As Rozalyn Anderson, a University of Wisconsin biochemist researching calorie restriction, explained to Scientific American, many diseases related to aging (like cancer, diabetes, and heart disease) involve the metabolism. Numerous scientific studies have shown that restricting calories creates a change in metabolism, delaying the onset of some age-related diseases. Some people advocate permanent calorie reduction – not just periodic but daily low-calorie diets. They believe by permanently reducing calorie intake, they can extend their lives. This is an extreme interpretation to achieve the many benefits of fasting. In short, intermittent fasting can possibly increase longevity and extend your healthy years. But what does fasting do to your body?
Fasting gives the body time to properly digest and eliminate waste, allowing necessary biological repair processes to happen when the body is in rest mode.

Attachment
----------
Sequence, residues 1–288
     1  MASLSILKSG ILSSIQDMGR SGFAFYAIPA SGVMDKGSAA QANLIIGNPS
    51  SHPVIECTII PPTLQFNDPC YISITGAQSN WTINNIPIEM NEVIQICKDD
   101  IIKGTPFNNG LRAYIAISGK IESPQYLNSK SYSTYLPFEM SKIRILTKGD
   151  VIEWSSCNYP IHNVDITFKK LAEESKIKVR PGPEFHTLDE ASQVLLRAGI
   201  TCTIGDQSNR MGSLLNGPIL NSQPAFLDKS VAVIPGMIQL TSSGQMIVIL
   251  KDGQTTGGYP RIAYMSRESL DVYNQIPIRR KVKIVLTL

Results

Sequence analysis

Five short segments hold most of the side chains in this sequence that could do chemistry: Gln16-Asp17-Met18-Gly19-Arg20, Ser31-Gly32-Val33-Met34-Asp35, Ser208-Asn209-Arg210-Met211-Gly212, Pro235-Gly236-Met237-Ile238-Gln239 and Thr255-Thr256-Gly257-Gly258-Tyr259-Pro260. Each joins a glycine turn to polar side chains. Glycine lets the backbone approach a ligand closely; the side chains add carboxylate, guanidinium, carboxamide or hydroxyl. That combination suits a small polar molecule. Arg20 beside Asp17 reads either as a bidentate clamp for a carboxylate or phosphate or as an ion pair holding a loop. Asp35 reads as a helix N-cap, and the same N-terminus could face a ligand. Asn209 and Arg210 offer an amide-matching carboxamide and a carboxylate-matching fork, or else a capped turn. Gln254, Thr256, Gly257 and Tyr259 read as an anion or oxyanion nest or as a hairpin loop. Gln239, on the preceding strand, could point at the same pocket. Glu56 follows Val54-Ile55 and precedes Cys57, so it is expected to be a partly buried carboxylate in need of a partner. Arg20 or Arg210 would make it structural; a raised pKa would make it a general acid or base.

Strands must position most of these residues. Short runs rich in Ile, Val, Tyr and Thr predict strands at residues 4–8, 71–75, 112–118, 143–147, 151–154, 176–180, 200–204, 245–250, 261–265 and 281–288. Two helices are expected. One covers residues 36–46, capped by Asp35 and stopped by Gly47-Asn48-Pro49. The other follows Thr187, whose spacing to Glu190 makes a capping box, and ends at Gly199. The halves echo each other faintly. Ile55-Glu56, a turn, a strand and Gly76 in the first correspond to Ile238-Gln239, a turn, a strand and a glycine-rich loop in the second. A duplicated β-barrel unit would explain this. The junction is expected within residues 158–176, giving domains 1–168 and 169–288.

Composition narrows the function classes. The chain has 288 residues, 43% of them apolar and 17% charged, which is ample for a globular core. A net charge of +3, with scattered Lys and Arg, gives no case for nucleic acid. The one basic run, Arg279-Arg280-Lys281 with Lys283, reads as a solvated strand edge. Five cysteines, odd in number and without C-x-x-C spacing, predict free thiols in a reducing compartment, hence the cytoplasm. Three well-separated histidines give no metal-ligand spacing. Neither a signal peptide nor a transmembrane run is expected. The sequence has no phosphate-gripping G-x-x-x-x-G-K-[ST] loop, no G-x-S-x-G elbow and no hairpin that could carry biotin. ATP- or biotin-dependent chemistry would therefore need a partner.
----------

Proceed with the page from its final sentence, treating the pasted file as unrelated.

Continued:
Fasting also transforms how your body processes food for fuel. During a fast, your body empties its glycogen stores and begins burning stored fat. Fat, unlike glycogen, is a slow-burning fuel. There are no sugar highs and lows, and your body achieves a balanced energy supply.
The physiological benefits of fasting include inflammation reduction and lowering of triglyceride levels. It greatly reduces oxidative stress, which can help preserve learning and memory functioning. Fasting “decreases the accumulation of oxidative radicals in the cell, and thereby prevents oxidative damage to cellular proteins, lipids, and nucleic acids associated with aging and disease,” according to Dr. Joseph Mercola.
Several theories exist regarding why fasting provides these benefits. Mark Mattson, senior investigator with the National Institute on Aging, part of the U.S. National Institutes of Health, says, “The one that we’ve studied a lot, and designed experiments to test, is the hypothesis that during the fasting period, cells are under a mild stress. And they respond to the stress adaptively by enhancing their ability to cope with stress and, maybe, to resist disease.”